Hunting and other outdoor recreational activities are considered national pastimes with roots in practically all †50 states, from hunting whitetail deer on the eastern shore of Maryland and targeting sandhill cranes in East Texas to shooting a limit of divers on Lake Mattamuskeet in eastern North Carolina.

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June 08, 2015 at 9:00 am
451 Views

What is my dirt worth?

Hunting and enjoying the outdoors is the oldest and most-sacred pastime in America. For Carolinians, being in out in nature in search of a gobbling tom, whistling woody or a rutting buck brings true bliss even if the harvest falls short. One way to elevate the experience to the highest level is to be able to recreate on a chunk of dirt with personal ownership and title in hand. But how much is the dirt worth right now?†

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May 07, 2015 at 9:00 am
749 Views

Two tales of timber

Throughout the year, hunters and land managers are always looking for ways to boost the quality and quantity of game on their properties. While managing wildlife is important, managing habitat will make the greatest impact, and forest manipulation is the best way to influence habitat without having to make a withdrawal from the bank.†

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April 09, 2015 at 9:00 am
554 Views

Keep your corn warm

Luckily for most of the Carolinas, warm conditions welcome many outdoor enthusiasts well before the first official day of spring. Wildlife managers should be well underway with preparations for spring plantings. From testing to carrying out an annual liming program, soils need a little TLC this time of year. Many landowners looking to grow 200 bushels of corn per acre are probably growing very anxious to get their seeds set, but planting too early can have its drawbacks as well as its remarkable benefits.†

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March 09, 2015 at 9:00 am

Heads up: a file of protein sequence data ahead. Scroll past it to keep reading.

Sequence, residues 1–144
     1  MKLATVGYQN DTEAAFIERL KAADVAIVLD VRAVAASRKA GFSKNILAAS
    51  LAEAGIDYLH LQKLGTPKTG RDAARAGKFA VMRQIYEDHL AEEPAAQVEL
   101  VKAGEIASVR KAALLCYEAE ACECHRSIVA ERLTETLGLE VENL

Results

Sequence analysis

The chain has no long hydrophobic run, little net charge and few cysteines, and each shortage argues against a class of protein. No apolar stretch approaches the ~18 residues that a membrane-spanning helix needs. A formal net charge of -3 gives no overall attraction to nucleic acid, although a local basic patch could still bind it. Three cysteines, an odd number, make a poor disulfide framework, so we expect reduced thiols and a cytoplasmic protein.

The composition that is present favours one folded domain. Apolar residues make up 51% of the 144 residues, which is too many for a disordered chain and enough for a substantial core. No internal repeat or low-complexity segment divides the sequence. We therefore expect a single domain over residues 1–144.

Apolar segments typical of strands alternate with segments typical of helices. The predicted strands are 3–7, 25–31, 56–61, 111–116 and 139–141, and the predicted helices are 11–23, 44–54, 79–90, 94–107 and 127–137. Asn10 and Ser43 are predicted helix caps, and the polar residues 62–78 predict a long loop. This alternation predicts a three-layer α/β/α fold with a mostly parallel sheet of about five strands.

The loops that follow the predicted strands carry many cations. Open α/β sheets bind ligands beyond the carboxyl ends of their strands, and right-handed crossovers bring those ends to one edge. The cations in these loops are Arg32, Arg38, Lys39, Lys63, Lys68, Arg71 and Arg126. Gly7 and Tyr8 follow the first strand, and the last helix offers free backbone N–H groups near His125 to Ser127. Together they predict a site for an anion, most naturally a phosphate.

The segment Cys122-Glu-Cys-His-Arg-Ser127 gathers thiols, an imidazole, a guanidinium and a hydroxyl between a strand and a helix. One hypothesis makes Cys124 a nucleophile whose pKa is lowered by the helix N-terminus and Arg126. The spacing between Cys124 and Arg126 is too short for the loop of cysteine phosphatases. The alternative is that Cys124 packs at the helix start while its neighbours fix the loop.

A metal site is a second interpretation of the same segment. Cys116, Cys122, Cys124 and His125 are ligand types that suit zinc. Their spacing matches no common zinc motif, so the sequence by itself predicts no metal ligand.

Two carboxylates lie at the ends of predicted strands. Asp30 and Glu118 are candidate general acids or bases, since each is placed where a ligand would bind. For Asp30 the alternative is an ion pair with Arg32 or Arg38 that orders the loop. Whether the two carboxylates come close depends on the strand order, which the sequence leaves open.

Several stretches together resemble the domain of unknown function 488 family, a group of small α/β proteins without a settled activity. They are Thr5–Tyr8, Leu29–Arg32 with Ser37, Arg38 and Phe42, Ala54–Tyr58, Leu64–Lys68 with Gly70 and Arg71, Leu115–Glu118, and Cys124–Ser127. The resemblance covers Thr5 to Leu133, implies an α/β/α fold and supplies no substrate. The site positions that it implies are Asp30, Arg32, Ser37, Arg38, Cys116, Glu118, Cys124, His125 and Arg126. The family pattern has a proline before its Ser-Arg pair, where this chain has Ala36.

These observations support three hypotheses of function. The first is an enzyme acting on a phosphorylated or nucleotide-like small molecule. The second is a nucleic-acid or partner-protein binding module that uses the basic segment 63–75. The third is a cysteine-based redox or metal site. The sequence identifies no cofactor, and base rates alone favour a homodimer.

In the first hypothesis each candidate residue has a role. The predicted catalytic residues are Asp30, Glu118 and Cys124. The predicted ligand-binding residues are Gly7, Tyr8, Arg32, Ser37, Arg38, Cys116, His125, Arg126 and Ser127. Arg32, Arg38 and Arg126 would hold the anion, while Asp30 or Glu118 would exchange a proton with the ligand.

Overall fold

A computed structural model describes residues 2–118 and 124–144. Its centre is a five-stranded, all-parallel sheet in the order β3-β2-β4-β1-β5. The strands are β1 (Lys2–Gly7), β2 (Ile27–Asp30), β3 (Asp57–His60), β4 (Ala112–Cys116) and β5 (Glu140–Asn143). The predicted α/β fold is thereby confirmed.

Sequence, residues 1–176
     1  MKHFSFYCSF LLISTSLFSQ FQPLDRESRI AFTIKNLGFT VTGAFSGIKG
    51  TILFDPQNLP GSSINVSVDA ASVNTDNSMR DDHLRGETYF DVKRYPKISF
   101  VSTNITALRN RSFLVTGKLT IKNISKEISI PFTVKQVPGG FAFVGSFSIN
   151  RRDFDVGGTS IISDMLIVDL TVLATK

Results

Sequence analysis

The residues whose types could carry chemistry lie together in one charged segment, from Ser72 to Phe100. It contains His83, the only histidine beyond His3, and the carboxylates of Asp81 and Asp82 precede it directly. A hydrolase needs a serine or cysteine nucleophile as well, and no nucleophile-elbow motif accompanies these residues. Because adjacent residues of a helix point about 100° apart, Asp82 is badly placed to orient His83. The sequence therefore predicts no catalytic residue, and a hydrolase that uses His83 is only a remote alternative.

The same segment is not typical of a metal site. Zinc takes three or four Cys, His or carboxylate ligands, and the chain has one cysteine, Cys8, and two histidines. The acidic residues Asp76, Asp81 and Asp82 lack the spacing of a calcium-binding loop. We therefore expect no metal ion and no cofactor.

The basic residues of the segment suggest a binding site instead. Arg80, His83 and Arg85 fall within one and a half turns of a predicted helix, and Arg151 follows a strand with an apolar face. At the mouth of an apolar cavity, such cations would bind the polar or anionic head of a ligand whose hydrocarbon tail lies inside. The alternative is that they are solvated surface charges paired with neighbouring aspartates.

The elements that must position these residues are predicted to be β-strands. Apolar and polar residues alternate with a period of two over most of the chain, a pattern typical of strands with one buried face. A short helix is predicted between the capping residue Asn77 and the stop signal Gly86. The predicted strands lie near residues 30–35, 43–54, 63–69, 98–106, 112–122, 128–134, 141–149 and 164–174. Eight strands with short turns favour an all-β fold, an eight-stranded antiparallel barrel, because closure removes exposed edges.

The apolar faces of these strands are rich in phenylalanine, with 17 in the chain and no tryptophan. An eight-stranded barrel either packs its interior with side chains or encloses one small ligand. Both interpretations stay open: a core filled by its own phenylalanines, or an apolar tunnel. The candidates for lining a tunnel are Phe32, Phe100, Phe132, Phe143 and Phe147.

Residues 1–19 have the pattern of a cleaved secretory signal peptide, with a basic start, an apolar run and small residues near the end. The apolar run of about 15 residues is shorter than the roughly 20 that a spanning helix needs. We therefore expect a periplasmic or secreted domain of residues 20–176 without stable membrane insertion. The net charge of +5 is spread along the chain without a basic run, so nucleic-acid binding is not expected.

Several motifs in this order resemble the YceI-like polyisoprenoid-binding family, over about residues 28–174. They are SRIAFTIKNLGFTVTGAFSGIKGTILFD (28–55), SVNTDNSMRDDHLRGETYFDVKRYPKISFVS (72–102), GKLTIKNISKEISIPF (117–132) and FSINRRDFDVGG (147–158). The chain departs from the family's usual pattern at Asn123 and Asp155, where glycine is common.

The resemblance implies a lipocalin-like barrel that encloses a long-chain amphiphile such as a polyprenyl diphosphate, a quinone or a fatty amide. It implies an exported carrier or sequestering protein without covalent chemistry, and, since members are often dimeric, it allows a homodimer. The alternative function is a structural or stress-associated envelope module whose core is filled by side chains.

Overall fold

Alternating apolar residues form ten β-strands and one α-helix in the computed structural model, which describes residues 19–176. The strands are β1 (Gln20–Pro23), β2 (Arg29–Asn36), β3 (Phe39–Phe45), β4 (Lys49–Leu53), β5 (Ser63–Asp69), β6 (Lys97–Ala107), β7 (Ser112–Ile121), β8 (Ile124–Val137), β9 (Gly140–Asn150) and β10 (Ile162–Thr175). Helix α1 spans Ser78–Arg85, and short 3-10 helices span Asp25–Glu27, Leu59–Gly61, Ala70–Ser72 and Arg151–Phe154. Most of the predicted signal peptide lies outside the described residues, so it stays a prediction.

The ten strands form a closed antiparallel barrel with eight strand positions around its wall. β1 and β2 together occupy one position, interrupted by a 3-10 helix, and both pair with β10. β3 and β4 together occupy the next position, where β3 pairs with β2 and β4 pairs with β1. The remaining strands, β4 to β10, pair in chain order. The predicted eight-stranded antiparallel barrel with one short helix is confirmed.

697 Views

Winter is time to burn

Wildlife management doesn’t just bring a spring and fall schedule. Dedicated outdoorsman with a drive to improve their wildlife habitat can keep the wheels turning year-round with tons of habitat-management activities. February is the middle of the season for prescribed fire to improve forest health and provide massive benefits for nearly all critters. †

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February 09, 2015 at 9:00 am
577 Views

Look for big duck moves

While it may be the first month of the year, it is the last opportunity to sit in a blind and take down a limit of ducks. Hunters should take advantage of the last three weeks of the season, when ducks have flooded the Carolinas and are anxious to fill up on rich food resources. But by January, the waterfowl migration is practically over — or is it?

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January 08, 2015 at 9:00 am
777 Views

Borrow pits: duck havens

Over the past 20 years, federal dollars have upgraded transportation facilities in every county in both North Carolina and South Carolina to handle the booming human population settling in the South. Literally thousands of miles of new blacktop have relieved traffic congestion and allowed travelers to get to their destinations in a more-efficient manner, and few will complain about the lack of slowdowns on the highway. But these transportation projects all over the eastern seaboard have taken their toll on wildlife.†

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December 01, 2014 at 7:00 am
791 Views

Keep deer stores stocked

For deer hunters rooted in the Carolinas, November is a demanding and sometimes challenging month in the deer woods. From intense rutting behavior and food availability to drastic changes in the weather, the pressure is on the †deer herd. Hunters and land managers must stay on their toes to keep their property attractive when the pressure surges.†

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November 09, 2014 at 9:00 am
964 Views